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  2. It would be better to have Mr. Green and Mr. Spencer debate. That way Mr. Green can smash the lies Mr. Green claims Mr. Spencer puts out there. Why don’t you ask Mr. Green why he is afraid to debate Mr. Spencer?

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  3. “A dangerous, fabricated, and counterproductive political event in the name of free speech is not worth triggering members of our community to act on their perceived anger, fear, or hate.”

    An incredulous summary statement, completely devoid of any substantiating evidence, implying that speech that is deemed as disagreeable by one person, should be essentially banned and hence, not free, due to the personal disposition and perception of an individual who has elevated himself, solely on his own merit, as the de facto arbiter of what free speech is acceptable and which is not.

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  4. Why?
    Because he says the truth
    Stay with your head in the sand youostriches

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  5. “Perhaps of greatest concern, I do not want to look back on this significant moment in the future and wonder, ‘If we had stopped Robert Spencer from coming to campus, would it had saved the lives of members of our community?’ A dangerous, fabricated, and counterproductive political event in the name of free speech is not worth triggering members of our community to act on their perceived anger, fear, or hate.”

    And here we are, a couple weeks later. Time for a little perspective.

    All the hysteria – over what? Did anyone die? Did anyone need their life to be saved?

    Really? Have there been any follow up articles on how the community is in disarray, how students are devastated?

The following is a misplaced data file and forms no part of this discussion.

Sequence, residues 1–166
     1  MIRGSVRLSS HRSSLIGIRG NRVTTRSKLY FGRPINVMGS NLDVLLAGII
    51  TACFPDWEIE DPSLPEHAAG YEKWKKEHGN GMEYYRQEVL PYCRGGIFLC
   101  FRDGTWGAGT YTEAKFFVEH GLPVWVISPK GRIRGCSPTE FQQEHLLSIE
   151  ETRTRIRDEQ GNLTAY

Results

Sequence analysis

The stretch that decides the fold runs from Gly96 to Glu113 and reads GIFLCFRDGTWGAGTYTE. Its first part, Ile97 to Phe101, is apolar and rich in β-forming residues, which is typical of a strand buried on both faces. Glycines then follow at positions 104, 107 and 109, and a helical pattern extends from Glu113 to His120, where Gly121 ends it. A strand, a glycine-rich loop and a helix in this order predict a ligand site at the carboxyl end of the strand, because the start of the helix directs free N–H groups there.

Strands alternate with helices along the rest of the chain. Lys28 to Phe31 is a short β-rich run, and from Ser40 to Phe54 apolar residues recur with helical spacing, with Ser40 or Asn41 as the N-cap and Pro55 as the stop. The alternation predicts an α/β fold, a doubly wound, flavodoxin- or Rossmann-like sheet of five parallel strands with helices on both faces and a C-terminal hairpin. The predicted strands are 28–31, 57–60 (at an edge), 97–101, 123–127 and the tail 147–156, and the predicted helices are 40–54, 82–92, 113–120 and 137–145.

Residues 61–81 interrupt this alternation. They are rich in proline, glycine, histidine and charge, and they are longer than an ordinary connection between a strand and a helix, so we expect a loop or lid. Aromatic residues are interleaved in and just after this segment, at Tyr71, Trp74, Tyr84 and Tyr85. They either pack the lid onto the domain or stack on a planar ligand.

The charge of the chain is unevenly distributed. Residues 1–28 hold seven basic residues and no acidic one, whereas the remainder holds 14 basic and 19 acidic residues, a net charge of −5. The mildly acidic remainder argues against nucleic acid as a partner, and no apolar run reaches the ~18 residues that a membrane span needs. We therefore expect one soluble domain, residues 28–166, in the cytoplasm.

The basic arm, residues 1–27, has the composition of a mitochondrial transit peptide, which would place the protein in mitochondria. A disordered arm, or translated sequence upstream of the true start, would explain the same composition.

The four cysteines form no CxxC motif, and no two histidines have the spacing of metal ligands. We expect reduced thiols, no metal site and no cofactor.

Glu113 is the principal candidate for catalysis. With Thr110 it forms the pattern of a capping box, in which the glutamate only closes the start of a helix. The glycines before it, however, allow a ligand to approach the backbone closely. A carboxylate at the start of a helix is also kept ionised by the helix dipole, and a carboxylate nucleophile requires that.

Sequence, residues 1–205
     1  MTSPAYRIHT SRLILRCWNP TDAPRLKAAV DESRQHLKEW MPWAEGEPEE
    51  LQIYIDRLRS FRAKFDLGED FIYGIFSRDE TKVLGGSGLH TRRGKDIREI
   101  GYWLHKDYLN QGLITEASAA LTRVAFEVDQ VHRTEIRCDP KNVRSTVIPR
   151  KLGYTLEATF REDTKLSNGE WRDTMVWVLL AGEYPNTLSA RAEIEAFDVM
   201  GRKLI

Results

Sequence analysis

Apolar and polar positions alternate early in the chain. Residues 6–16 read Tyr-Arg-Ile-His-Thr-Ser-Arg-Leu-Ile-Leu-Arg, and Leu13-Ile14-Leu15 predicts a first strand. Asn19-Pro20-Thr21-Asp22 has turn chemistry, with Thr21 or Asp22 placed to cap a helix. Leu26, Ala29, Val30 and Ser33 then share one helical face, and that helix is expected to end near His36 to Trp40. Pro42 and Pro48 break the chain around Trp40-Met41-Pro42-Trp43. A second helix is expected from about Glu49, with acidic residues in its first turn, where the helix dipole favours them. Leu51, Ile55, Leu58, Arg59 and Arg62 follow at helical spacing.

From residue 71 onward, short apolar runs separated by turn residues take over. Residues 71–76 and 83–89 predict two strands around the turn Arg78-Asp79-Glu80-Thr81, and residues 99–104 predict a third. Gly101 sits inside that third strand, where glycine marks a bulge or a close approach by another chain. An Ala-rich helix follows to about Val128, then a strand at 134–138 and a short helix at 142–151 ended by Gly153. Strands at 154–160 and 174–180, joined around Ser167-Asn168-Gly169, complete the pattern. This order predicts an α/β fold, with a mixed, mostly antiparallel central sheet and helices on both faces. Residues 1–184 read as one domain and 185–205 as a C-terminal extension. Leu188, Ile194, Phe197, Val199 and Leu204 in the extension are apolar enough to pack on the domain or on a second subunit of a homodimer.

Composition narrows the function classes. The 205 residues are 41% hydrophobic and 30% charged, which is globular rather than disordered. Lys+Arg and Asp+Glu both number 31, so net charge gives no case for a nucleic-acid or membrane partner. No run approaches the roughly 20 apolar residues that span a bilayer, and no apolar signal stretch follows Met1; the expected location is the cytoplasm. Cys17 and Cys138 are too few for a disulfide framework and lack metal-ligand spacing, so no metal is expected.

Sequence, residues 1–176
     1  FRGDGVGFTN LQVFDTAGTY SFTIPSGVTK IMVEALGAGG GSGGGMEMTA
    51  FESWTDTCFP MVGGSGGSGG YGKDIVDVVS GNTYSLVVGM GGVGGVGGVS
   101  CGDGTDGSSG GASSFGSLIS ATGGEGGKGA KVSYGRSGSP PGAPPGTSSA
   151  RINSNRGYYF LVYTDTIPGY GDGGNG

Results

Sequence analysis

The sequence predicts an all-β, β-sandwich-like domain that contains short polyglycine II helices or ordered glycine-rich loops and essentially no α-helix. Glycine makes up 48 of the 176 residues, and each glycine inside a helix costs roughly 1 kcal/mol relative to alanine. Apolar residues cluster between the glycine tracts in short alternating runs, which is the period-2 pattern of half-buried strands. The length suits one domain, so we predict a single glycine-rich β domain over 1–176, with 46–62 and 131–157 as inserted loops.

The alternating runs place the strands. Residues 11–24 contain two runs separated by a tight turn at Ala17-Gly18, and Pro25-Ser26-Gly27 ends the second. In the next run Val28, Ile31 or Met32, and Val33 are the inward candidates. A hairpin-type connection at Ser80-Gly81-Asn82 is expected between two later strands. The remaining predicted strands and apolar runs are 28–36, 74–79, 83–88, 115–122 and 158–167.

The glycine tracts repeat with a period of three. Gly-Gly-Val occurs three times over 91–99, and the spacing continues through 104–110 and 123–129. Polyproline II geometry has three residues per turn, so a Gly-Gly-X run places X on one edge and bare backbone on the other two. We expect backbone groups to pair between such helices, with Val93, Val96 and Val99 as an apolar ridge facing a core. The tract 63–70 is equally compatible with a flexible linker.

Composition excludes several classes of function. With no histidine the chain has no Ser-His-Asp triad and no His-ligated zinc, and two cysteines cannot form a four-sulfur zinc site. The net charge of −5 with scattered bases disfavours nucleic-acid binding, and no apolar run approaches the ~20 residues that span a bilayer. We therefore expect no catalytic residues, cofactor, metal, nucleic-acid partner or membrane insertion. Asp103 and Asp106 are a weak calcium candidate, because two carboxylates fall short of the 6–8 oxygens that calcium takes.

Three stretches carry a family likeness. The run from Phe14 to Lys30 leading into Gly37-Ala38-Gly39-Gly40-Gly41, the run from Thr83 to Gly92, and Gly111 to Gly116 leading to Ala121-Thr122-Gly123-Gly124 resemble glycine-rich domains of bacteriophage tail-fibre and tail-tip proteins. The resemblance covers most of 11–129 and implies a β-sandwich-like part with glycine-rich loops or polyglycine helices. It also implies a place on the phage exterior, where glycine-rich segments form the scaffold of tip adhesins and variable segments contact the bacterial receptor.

Will anyone, like Anthony, learn from this – or, will the hysteria continue next time a controversial speaker is invited? I doubt it, personally. We’ll hear how students are in danger, how they can’t be expected to “flourish in a community of fear” – yes, you, Otis. Why do students persist in this type of thinking? They talk about Spencer as a “fear-monger” , yet, isn’t that what they, themselves, are doing?

    I keep hearing about Robert Spencer’s “beliefs”. How the Norwegian terrorist cited them, etc. Back in 2011 – 6 years ago. What are Spencer’s “beliefs” – other than plain facts?

    Also, every day, pretty much, there is someone, somewhere, citing or using Islam as justification for a terrorist attack. Does the author of this article point this out? Nope. But it’s fine to point out a single incident, 6 years ago, as an example of how Spencer’s “beliefs” are encouraging hatred.

    Todd Green’s views have been summarily taken apart as well.

    And, what do you hear?

    Crickets….

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  6. It’s been almost four years since my study of Islam began. My readings and video coverage have opened my eyes wide open. I can understand – and do wholeheartedly support – freedom of religion. But, it’s hard to understand the blind acceptance of the “political” nature of Islam and its eroding effects upon Western core values. Please let Mr. Spencer speak and try to do some research on what he will bring to light. It is in no way bigotry or hate. In fact, I’ve learned that many Muslims are in dire need of finding someone to rescue them from a very close-minded ideology.